The New Canaan Town Council unanimously approved on Dec. 11 a four-year contract with the firefighters' union that includes gradual pay raises and the extinction of longevity compensation.
The council and the International Association of Firefighters Local 3224 agreed to increase wages by 1.75 percent in 2014, 2 percent in 2015 and 2.25 percent in 2016. There will be no retroactive wage increase for the 2013-14 fiscal year.
Officials weren't able to provide the overall cost to the town. Human Resources Director Cheryl Jones said calculating such a number would be "very difficult" because it depends on a number of variables. "You don't know how many people are going to be training," she said as an example. "We also don't know how much health premiums are going to be from the year before."
Jones said, however, that a rough estimate projects the increase in cost to the town over the next four years to be lower than 2.5 percent. In previous years, Jones said, the contract's cost to the town had been increasing by more than 2.5 percent.
"I do feel that this is a good contract for the town and fair to the firefighters," she said.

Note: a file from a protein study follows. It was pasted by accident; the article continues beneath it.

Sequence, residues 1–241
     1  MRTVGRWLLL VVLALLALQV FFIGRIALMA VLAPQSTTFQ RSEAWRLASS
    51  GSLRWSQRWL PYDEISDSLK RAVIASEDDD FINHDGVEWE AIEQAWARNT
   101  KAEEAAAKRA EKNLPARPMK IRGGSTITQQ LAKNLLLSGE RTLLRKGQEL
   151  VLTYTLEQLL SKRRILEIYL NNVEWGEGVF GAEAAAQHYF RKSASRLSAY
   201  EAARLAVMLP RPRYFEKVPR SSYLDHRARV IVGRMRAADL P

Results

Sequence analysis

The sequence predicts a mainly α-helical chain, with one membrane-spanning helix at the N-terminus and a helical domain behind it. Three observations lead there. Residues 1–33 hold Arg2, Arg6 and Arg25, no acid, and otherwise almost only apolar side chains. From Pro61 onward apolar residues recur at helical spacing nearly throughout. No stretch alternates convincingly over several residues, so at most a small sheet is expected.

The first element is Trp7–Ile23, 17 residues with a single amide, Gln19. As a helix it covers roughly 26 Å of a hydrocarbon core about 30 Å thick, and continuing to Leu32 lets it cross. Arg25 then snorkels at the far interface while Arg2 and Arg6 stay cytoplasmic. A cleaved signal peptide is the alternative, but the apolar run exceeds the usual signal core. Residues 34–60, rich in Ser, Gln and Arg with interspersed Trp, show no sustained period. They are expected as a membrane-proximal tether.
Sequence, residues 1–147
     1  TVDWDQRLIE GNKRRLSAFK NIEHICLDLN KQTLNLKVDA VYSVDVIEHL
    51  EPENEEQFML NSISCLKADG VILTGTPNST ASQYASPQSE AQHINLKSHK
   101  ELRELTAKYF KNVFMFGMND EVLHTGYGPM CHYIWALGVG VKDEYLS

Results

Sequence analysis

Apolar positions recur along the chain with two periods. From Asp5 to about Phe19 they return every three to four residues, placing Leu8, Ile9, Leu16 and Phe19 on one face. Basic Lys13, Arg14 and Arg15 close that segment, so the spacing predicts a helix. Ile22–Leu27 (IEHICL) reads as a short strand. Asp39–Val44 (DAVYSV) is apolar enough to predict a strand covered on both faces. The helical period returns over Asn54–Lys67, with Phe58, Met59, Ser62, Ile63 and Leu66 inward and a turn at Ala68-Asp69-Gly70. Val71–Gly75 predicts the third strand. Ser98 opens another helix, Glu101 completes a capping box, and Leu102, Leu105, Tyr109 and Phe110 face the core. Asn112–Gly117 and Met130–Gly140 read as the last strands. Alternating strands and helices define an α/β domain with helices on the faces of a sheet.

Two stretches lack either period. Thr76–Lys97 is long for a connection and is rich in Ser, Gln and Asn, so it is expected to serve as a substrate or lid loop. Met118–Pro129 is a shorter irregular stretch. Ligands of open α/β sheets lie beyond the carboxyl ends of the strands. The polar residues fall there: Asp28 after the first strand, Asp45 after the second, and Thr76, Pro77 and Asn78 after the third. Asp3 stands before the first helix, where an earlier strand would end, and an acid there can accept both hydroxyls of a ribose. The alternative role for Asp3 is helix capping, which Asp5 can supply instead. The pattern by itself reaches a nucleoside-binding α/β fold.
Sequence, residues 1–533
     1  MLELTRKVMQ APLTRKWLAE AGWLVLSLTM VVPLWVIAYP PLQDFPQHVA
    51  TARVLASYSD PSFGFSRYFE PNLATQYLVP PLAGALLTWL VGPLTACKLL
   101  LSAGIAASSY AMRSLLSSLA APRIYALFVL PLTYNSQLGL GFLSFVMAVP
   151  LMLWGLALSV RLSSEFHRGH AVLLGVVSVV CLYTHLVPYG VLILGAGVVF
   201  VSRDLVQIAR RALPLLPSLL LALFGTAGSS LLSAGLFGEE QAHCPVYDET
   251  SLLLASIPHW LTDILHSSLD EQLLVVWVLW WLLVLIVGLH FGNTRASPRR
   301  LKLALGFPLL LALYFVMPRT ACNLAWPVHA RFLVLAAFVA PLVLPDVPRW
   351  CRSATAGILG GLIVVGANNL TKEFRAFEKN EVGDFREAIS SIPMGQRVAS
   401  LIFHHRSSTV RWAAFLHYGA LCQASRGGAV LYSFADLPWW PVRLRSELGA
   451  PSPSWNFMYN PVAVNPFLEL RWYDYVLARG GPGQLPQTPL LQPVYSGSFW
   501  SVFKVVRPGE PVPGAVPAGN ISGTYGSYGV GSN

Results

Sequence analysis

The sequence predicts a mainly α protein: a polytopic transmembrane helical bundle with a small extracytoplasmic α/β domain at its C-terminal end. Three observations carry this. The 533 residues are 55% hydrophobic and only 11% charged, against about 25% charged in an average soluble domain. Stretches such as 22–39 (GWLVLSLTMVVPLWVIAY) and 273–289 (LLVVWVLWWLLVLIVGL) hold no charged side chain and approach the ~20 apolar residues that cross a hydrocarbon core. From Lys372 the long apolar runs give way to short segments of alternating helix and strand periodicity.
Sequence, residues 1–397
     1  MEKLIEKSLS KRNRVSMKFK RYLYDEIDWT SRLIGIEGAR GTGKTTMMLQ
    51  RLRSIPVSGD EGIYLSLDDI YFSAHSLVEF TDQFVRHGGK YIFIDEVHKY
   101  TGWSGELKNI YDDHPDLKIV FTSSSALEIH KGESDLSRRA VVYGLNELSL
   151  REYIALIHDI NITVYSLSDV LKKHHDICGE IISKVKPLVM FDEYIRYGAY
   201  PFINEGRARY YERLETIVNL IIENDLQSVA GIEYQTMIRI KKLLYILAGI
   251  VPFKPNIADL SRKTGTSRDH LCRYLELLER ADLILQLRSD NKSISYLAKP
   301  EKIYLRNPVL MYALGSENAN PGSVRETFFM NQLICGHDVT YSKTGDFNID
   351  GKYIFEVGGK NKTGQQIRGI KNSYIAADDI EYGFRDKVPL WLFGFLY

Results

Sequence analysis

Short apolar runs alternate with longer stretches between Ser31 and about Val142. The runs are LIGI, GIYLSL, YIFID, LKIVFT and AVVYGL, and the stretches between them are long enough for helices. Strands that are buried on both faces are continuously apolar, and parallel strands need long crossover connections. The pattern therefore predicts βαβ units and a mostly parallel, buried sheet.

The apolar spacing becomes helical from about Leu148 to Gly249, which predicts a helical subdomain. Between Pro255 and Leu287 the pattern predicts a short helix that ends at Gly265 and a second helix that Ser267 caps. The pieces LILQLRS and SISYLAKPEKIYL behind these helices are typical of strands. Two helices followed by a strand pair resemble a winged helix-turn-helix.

Capt. Rob Petrone, the president of the union, said the agreement was indeed "fair" to both sides.
The contract also calls for the elimination of longevity pay. The seniority-based annual stipend will save the town about $27,100 over the next four years, Jones said. Shift differential -- higher pay for overnight shifts, for example -- also was eliminated, saving the town about $120,000 in four years.
The agreement runs from July 1, 2013, to June 30, 2017.
The department has 24 firefighters, including four lieutenants and four captains. Chief Jack Hennessey is not a member of the union. The firefighters' salaries depend on how long they've been working at the department.
The annual salary for firefighters in probationary status, for instance, will jump from $53,511 in 2014 to $56,186 in 2016. The captains' salaries, which are currently $84,785 and $90,463, will jump to $94,000 and $99,000, respectively, in 2016.
According to the contract, the town now will contribute 50 percent of the firefighters' dental insurance plan -- up from 25 percent.
Under the new agreement, the town now has to continue paying health insurance premiums for the survivor dependents of firefighters killed in the line of duty. The town will stop paying spouses when they remarry or when the employee would have become 65.
Children of a deceased employee will keep the plan until they turn 18 -- or 26 if they're still in school.
Another variable that makes it hard to calculate the overall cost to taxpayers is reimbursement for college tuition, which depends on how many firefighters will be taking courses, Jones said. The new contract brings tuition reimbursement from $2,500 to $3,000 a year. Courses must be related to firefighters' work or science.